MONEYTALK with St. Charles Parish’s Al Suffrin
I need a loan for college - where do I go to get the best deal?
Staff Report -
Nov 16, 2006
Dear Mr. Suffrin: I'll need a loan to pay for my college education and I don't know how to choose a good one. Help!
I'll need $17,000 a year for four years to pay for the basics like books and tuition and my dorm and a meal plan, and I'll be working part time to pay additional expenses.
So far, I've heard from 16 banks and lending institutions who want me to sign for a loan and they all seem to have pros and cons.
How can I know which deals are good and which deals are bad.
Any advice you can give me will be appreciated. - Looking for Cash in Paradis.
Dear Looking: Consult with your high school counselor or your university's financial aid office. Schedule an appointment with someone in one of those departments, and he/she should help you find the money you need. Be sure to file a free Application for Federal Student Aid (FAFSA). This will enable you to receive any federal loans or grants which you may be eligible for.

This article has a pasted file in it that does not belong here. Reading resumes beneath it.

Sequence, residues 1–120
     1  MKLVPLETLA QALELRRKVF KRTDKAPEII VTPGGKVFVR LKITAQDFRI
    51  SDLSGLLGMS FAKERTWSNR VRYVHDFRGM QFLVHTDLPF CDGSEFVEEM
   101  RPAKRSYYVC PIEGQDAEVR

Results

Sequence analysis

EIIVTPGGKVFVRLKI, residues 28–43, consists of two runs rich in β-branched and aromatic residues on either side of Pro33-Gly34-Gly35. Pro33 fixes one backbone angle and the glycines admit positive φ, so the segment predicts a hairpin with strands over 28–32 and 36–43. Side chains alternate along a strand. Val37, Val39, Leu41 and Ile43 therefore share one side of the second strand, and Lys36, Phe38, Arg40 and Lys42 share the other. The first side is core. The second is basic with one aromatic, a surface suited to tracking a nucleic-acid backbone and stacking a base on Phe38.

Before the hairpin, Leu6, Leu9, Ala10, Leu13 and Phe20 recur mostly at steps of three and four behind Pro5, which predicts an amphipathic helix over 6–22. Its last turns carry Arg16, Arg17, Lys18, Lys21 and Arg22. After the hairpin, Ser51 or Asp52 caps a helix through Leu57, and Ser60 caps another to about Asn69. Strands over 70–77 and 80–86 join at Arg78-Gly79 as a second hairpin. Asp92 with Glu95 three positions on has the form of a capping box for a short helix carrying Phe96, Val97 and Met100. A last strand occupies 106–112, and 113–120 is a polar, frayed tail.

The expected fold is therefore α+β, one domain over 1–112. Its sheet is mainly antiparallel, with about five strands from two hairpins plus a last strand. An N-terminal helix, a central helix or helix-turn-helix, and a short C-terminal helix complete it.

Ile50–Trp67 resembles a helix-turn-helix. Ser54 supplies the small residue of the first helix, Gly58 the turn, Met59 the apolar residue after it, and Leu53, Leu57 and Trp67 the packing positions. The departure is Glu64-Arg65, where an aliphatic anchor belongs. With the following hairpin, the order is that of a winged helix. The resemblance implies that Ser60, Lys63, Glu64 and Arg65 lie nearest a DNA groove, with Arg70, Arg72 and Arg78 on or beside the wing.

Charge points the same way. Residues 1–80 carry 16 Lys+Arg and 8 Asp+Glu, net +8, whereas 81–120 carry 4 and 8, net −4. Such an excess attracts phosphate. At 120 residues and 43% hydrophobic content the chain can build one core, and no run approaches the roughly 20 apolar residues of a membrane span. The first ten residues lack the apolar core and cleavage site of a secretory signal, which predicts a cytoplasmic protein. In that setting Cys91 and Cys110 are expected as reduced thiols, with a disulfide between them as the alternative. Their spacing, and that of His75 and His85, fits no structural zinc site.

Look for free money:
•Scholarships and fellowships.
•Federal Pell Grant. Awarded to students with family incomes below $50,000.
•Federal Supplement Educational Opportunity Grant. Available to students with exceptional financial need.
•Academic Competitiveness Grant. Available to all first-year college students.
If you have to borrow money:
•Perkins loan. Interest rate is fixed at 5%.
•Stafford loan. Interest rate is fixed at 6.8% if disbursed after 7/01/06.
•Federal Parent Loan for Undergraduate Students (PLUS). Allows a student's parents to borrow at a fixed rate of 8.5%.
If you must borrow money from bank:
Compare the fees charged by the lenders. A loan with a relatively low interest rate but high fees can ultimately cost more than a loan with a somewhat higher interest rate and no fees. A good rule of thumb is that 3% in fees is about the same as a 1% higher interest rate.
Generally, the best private student loans will have interest rates of London Interbank Offered Rate (LIBOR) + 2.8% or Prime + 0% with no fees.
Read the detail to see if the lender charges a different interest rate for the in-school and grace period compared to a higher rate when the loan enters repayment.
Determine if automatic bank drafts can be used for faster payment.
To compare different loan programs, see FinAid's Loan Analyzer Calculator at: http://www.finaid.org/calculators/loananalyzer.phtml
Students' questions about finances answered - only in the St. Charles Herald-Guide. Financial expert and school board member-elect Al Suffrin, a certified public accountant, takes on the tough questions from parish kids- and their parents - in an important weekly column everyone should read. Send YOUR questions to: firstname.lastname@example.org or write: MONEYTALK, P.O. Box 1199, Boutte, LA